Fortunately for Captain Bligh, there were but few people about, and the only person who saw him trip Police-Sergeant Pilbeam was an elderly man with a wooden leg, who joined the indignant officer in the pursuit. The captain had youth on his side, and, diving into the narrow alley-ways that constitute the older portion of Wood-hatch, he moderated his pace and listened acutely. The sounds of pursuit died away in the distance, and he had already dropped into a walk when the hurried tap of the wooden leg sounded from one corner and a chorus of hurried voices from the other. It was clear that the number of hunters had increased.
He paused a second, irresolute. The next, he pushed open a door that stood ajar in an old flint wall and peeped in. He saw a small, brick-paved yard, in which trim myrtles and flowering plants stood about in freshly ochred pots, and, opening the door a little wider, he slipped in and closed it behind him.
“Well?” said a voice, sharply. “What do you want?”
Captain Bligh turned, and saw a girl standing in a hostile attitude in the doorway of the house. “H’sh!” he said, holding up his finger.
The girl’s cheeks flushed and her eyes sparkled.
“What are you doing in our yard?” she demanded.
The captain’s face relaxed as the sound of voices died away. He gave his moustache a twist, and eyed her with frank admiration.
“Escaping,” he said, briefly. “They nearly had me, though.”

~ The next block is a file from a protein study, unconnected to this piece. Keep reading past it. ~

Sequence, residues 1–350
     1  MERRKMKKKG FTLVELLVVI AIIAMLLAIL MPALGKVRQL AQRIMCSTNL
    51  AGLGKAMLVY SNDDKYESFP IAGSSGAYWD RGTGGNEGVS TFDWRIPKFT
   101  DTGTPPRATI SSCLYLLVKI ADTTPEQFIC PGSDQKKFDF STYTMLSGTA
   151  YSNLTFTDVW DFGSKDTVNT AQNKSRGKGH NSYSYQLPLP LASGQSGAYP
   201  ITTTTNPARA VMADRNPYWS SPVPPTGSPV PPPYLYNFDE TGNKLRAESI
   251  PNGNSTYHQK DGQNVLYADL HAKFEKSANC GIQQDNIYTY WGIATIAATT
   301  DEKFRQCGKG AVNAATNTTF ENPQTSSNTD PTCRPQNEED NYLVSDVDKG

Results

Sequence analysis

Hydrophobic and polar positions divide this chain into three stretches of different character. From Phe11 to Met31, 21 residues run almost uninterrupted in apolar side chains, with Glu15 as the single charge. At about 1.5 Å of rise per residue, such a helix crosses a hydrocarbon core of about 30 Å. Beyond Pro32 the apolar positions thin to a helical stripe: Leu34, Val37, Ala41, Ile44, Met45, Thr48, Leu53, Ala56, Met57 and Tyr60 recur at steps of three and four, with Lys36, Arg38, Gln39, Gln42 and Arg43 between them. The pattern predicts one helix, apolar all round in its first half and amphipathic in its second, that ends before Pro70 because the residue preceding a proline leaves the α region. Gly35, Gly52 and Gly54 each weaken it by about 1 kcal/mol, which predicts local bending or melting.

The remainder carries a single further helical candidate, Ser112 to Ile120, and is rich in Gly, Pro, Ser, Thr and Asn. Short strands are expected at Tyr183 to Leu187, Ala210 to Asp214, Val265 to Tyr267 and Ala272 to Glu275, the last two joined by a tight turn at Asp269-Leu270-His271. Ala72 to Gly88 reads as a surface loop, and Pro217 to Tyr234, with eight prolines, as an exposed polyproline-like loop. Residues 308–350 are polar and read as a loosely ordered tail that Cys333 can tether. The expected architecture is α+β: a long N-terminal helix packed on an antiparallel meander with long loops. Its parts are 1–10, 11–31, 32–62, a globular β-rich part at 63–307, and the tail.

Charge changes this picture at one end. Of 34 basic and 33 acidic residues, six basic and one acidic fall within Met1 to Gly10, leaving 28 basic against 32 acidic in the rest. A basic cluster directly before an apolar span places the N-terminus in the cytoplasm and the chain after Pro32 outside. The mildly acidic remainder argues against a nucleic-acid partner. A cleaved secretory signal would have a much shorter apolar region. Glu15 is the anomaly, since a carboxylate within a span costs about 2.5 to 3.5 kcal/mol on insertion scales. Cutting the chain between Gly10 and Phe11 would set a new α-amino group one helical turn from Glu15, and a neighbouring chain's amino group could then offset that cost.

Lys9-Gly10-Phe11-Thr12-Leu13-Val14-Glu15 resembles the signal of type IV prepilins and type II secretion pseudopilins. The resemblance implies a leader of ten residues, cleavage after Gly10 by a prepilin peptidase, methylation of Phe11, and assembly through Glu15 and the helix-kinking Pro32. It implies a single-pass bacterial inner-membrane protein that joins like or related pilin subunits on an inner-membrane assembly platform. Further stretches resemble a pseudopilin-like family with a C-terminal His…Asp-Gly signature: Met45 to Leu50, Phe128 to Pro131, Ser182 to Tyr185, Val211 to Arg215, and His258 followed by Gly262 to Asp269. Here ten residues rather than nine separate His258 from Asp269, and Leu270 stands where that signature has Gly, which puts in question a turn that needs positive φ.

“You had no business to escape into our yard,” said the girl. “What have you been escaping from?”
“Fat policeman,” said the skipper, jauntily, twisting his moustache.
Miss Pilbeam, only daughter of Sergeant Pilbeam, caught her breath sharply.
“What have you been doing?” she inquired, as soon as she could control her voice.
“Nothing,” said the skipper, airily, “nothing. I was kicking a stone along the path and he told me to stop it.”
“Well?” said Miss Pilbeam, impatiently.
“We had words,” said the skipper. “I don’t like policemen—fat policemen—and while we were talking he happened to lose his balance and go over into some mud that was swept up at the side of the road.”
“Lost his balance?” gasped the horrified Miss Pilbeam.
The skipper was flattered at her concern. “You would have laughed if you had seen him,” he said, smiling. “Don’t look so frightened; he hasn’t got me yet.”
“No,” said the girl, slowly. “Not yet.”
She gazed at him with such a world of longing in her eyes that the skipper, despite a somewhat large share of self-esteem, was almost startled.
“And he shan’t have me,” he said, returning her gaze with interest.
Miss Pilbeam stood in silent thought. She was a strong, well-grown girl, but she realized fully that she was no match for the villain who stood before her, twisting his moustache and adjusting his neck-tie. And her father would not be off duty until nine.